From Will Carroll in Baseball Prospectus:
The Jays have been succeeding so far almost in spite of their pitching, holding up through April with Roy Halladay and a seeming cast of thousands. The Jays' assorted injury issues in the rotation are already well documented, but few observers have noticed how variegated they are. They've had elbow, shoulder, back, and oblique issues. They've had injuries at literally every level. They've had problems with guys who they've drafted and developed, and guys that they picked up this winter. There's no one thing to blame, which leaves us looking at J.P. Ricciardi. Perhaps it's unfair, but at what point, absent other answers, does the buck stop with the GM? Organizational philosophy is about the only thing that these pitchers have in common, so unless you're willing to say this is a terrible run of luck that's lasted for three years, you have to look upstairs. The Jays should be getting Romero back from his oblique strain soon. He's scheduled to throw in Dunedin, followed shortly by Ryan, who continues to look for his lost velocity.
What does he think happens? JP sneaks into these guys' hotel rooms at night and cuts them open, wrecks a different piece of them and then sews them back up? Or maybe he somehow identifies pitchers that are likely to be injured and drafts or trades for them? It just makes no sense, if all the players had the same sort of injury, maybe then we could point a finger. Or if they all were over worked. Or if JP sat at the window of a room in the Skydome hotel with rifle and used the pitchers for target practice, then we could point the finger at JP.
Looking at the injuries in question. Ricky Romero's oblique injury, to me, is pretty much a fluke thing, I don't think anyone could have forecasted it. Jesse Litsch's forearm injury came early this season, I don't think you can point to overuse as the cause, I don't think Cito rode him too hard. Cassey Janssen's happened early in camp last spring, again I don't see that it was caused by over work.
Dustin McGowan's shoulder, on the other hand, I will lay at the feet of John Gibbons. His innings worked jumped a bunch from 2006 to 2007 and that's something that does seem to cause injuries in young pitchers. IN 2008 it caught up to him. Shawn Marcum's elbow problem I kind of blame on Cito, Marcum came off the DL last year and we were told his first start back he had a ceiling of 65 pitched, course Cito left him in for 85. Next two starts he was over his pitch count ceiling as well. Maybe that had nothing to do with his injury but I wish Cito would have been gentler with him at that point. But that is the one and only pitcher injury I'll rag on Cito for, he seems to have bought into the idea of being gentle on the young arms and I applaud him for that.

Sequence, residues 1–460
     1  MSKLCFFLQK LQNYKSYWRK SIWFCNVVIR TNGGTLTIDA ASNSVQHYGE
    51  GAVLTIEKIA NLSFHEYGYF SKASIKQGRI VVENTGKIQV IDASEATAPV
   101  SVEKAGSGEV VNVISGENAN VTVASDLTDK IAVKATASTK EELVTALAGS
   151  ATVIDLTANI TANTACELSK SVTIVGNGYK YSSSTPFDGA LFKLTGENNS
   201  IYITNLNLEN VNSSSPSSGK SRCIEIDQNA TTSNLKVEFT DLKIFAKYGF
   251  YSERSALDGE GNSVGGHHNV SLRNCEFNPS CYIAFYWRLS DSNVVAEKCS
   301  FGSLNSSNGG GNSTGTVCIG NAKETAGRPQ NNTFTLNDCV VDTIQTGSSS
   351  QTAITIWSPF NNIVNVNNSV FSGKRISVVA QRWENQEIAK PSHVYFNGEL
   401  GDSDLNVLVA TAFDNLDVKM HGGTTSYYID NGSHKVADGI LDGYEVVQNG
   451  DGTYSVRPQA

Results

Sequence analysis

Maybe instead of blaming him for the injuries, maybe we could applaud for having so many major league ready type pitchers. The Jays have had five potential major league starters injuried this season. Can you imagine where the Yankees would be if CC was healthy but Joba, Pettitte, AJ, Wang and Phil Hughes were all hurt? Stop giggling. Oh ok, maybe giggle a little. But don't pray that happens, that would be wrong. I think. Clearly the Yankees wouldn't be in first place. How about the Red Sox if Beckett were healthy but Lester, DiceK, Wakefield, Penny and Masterson were all on the DL? I know, party at Hugo's house. They sure wouldn't be battling with us for first.
So let's give JP a little credit here or if we are going to blame him for all the injuries to the starting pitchers, at least give us some clue of how you think he is to blame.
Anyway, I am planning to do a post sometime in the near future about looking at what JP has done right and wrong putting together the team that is at the top of the AL East at the moment, as soon as I get a couple of hours strung together to get it written but I couldn't read Carroll's comment without questioning it.